Social media and the Texas Open Meetings Act

The Texas Open Meetings Act promotes transparency between public officials and the general public. First adopted in 1967, the Act makes decisions and meetings of governing bodies more accessible, requiring explicit 72-hour notice of such meetings.

The purpose of the Act is simple: to provide Texas residents with more access to and knowledge of key decisions made by state and local government officials. However, advances in technology and social media have introduced new complications to the Act. As an official or employee of the government, what should you know?

Defining a quorum

According to the Act, a quorum is the majority of a governing body. For example, three members of a five-member city council would qualify as a quorum. If two members of this council met separately to discuss official matters, this meeting could violate the Act.

Social medias role in the Open Meetings Act

The rise of social media has presented challenges for the Act. When city council members discuss public business on any forum or social media platform, such as a Facebook wall, Twitter thread, Snapchat group or more, the Act may apply.

A 2016 paper discussed an example in which a city council member sent a Snapchat advising another member to “Vote yes!” on an item. In this example, the member sending the Snapchat may violate the Act by knowingly sidestepping its provisions and meeting in “numbers less than a quorum.”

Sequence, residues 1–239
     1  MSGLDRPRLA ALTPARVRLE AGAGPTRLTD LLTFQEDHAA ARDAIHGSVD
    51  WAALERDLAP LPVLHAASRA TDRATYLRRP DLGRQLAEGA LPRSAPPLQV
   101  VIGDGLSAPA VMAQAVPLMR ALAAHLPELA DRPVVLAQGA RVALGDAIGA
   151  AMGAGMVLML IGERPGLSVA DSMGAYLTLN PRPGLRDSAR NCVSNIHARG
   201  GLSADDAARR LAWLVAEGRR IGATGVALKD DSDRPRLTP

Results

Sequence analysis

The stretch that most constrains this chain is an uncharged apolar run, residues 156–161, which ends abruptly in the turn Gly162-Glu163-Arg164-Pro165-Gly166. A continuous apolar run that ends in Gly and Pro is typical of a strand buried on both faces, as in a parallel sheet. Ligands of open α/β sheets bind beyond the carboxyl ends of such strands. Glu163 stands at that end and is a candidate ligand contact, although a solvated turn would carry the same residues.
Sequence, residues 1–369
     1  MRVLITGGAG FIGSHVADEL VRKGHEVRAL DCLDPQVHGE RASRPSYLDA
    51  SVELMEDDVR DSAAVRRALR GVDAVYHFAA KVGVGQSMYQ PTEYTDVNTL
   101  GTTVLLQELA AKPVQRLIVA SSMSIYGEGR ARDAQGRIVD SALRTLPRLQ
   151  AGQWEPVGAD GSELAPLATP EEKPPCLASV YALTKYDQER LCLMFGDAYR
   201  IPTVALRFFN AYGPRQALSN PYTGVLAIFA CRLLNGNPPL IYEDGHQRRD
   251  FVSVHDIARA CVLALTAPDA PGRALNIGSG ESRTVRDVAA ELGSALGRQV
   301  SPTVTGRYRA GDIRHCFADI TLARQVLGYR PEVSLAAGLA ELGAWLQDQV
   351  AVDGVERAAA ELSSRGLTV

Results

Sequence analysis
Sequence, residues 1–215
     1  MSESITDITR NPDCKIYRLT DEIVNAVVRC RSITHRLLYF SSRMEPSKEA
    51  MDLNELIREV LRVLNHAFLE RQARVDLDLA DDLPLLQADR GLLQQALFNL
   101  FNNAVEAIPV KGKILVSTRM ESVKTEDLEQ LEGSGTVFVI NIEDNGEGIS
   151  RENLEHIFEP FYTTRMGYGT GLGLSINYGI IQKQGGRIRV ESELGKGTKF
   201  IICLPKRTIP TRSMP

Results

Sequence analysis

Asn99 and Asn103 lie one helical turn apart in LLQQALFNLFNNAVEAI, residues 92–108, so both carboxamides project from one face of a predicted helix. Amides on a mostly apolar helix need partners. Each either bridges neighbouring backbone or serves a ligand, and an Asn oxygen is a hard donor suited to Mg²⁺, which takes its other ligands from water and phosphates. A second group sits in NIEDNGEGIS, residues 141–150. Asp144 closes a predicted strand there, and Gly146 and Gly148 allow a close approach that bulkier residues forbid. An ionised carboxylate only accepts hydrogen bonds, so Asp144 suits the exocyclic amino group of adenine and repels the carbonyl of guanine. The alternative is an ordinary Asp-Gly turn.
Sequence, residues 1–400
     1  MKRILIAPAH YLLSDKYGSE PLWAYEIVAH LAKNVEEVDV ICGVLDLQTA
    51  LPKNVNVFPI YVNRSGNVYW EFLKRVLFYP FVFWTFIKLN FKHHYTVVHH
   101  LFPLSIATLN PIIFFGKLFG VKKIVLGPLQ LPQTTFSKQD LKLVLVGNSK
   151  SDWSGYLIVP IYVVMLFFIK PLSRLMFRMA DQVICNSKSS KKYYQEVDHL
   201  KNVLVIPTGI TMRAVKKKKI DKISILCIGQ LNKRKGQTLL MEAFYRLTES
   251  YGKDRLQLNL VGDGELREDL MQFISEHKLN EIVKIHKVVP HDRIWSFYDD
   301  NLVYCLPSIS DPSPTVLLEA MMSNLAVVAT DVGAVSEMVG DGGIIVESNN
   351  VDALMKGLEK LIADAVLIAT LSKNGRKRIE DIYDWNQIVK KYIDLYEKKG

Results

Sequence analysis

A 2013 bill details several standards for officials to compliantly discuss public business on social media. The communication must be:

  • Posted in writing
  • Posted on an online forum that the public can view and search
  • Displayed for at least 30 days
  • Posted on an online message board that is both the governing body’s only message board and displayed prominently on the official website
  • Retained for six years if removed from the board after 30 days

Additional restrictions also apply, including that only certain authorized individuals may post to the forum and that the governing body ultimately may not vote on the forum.

Proceed with caution

Texas law continues to evolve on government use of social media. When in doubt, proceed with caution. A violation can lead to fines, jail time or both. Before implementing an online message board on Facebook or another platform, consider discussing the situation with an attorney to remain compliant with the Act.